Organisms that experience large changes in body size during the life span often exhibit differences in resource use among life stages. Ontogenetic shifts in habitat use reduce intraspecific competition and predation and are common in lotic organisms. Although information on the immature life stages of the Hellbender (Cryptobranchus alleganiensis) is limited, this aquatic salamander exhibits ontogenetic shifts in habitat use in some streams, with adults sheltering under large rocks and larvae utilizing interstitial spaces of gravel beds. Due to the geomorphology of Little River, Tennessee, however, limited interstitial spaces within the gravel are often filled with sand. Therefore, we quantified microhabitat parameters for three life stages of Hellbenders (larvae, sub-adult, adult) to determine if an ontogenetic shift in microhabitat occurred in Little River. We found no significant differences in stream substrate at capture sites among the stages, but there was a positive correlation between rock shelters underlain with very coarse gravel and overall Hellbender occupancy. Although we found no difference in water quality parameters and streambed particle size among the stage classes at the sites of capture, there was a significant difference in the average shelter size among all stages, with larvae utilizing the smallest shelters. Based on these results, future Hellbender research and conservation efforts should consider differences in life stage habitat use as well as specific stream particle classes.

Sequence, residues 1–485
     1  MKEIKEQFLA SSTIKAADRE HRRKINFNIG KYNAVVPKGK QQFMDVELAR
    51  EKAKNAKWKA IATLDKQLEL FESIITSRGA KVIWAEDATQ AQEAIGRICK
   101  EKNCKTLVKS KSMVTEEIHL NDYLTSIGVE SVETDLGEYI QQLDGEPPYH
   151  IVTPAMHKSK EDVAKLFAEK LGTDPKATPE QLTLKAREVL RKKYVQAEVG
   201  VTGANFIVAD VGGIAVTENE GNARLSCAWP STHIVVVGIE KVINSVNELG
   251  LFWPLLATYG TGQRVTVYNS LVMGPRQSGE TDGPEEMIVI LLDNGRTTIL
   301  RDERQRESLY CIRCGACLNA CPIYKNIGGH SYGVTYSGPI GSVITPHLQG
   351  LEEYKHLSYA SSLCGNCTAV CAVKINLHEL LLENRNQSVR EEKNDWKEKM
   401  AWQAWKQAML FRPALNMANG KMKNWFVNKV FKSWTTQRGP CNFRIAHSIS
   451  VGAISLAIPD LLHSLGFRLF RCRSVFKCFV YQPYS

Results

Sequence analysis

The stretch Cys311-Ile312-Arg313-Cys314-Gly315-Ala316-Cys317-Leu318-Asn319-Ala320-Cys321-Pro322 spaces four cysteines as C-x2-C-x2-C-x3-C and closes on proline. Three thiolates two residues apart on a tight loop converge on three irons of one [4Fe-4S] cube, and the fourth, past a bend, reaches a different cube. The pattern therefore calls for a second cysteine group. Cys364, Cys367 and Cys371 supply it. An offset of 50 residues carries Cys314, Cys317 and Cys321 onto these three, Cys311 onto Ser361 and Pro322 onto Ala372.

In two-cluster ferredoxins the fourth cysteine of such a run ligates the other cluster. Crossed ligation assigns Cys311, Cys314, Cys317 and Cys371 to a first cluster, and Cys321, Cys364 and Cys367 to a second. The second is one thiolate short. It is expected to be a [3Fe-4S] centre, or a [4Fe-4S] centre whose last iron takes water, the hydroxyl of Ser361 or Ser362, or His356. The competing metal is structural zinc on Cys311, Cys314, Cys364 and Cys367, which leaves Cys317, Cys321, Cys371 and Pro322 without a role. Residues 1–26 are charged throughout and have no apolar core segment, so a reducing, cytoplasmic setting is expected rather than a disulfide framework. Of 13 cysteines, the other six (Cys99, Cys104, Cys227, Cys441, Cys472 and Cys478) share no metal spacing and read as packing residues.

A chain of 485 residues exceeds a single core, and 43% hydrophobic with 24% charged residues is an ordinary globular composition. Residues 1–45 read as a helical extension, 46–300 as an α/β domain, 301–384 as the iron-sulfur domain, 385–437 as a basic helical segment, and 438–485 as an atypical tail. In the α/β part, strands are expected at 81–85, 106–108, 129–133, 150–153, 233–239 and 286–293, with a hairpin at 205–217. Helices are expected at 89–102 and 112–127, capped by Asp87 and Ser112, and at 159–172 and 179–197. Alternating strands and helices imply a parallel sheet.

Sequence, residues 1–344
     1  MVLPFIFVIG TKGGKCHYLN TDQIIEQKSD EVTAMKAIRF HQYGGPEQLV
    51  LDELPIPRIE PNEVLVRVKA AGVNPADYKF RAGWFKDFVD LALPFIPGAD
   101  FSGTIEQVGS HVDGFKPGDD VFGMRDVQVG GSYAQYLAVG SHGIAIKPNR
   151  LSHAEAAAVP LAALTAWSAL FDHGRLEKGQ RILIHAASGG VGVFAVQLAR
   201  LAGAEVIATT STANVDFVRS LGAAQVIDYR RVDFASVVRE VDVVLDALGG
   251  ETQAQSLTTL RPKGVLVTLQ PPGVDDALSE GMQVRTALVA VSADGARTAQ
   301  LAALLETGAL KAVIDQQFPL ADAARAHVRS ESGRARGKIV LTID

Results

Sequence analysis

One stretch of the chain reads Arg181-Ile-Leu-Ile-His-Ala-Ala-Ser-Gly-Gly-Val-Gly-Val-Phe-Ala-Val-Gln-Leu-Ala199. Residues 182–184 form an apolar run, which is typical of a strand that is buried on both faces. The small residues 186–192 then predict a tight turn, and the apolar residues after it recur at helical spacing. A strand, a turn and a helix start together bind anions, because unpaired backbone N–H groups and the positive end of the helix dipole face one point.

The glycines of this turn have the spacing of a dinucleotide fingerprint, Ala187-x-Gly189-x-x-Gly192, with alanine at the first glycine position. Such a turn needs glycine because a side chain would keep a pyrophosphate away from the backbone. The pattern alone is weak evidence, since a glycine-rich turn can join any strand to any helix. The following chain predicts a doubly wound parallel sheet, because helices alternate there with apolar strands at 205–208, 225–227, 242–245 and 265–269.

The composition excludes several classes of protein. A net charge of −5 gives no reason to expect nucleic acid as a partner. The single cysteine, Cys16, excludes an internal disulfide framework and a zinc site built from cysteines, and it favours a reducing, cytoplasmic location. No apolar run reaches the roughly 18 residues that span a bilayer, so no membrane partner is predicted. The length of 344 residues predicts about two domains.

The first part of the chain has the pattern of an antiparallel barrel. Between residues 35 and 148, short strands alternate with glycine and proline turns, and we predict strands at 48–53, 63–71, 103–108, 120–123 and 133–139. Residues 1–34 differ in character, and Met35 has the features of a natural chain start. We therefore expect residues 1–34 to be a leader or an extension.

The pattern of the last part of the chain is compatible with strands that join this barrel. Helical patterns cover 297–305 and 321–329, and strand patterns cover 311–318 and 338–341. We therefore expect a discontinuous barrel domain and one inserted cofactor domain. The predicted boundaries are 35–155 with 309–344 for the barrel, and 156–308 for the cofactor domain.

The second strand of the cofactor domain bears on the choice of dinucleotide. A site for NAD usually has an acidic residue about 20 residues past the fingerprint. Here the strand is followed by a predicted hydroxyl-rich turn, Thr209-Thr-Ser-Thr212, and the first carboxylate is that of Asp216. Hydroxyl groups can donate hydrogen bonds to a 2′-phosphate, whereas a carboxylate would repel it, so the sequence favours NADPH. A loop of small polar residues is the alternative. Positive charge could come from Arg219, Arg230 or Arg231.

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Vol. 107 • No. 1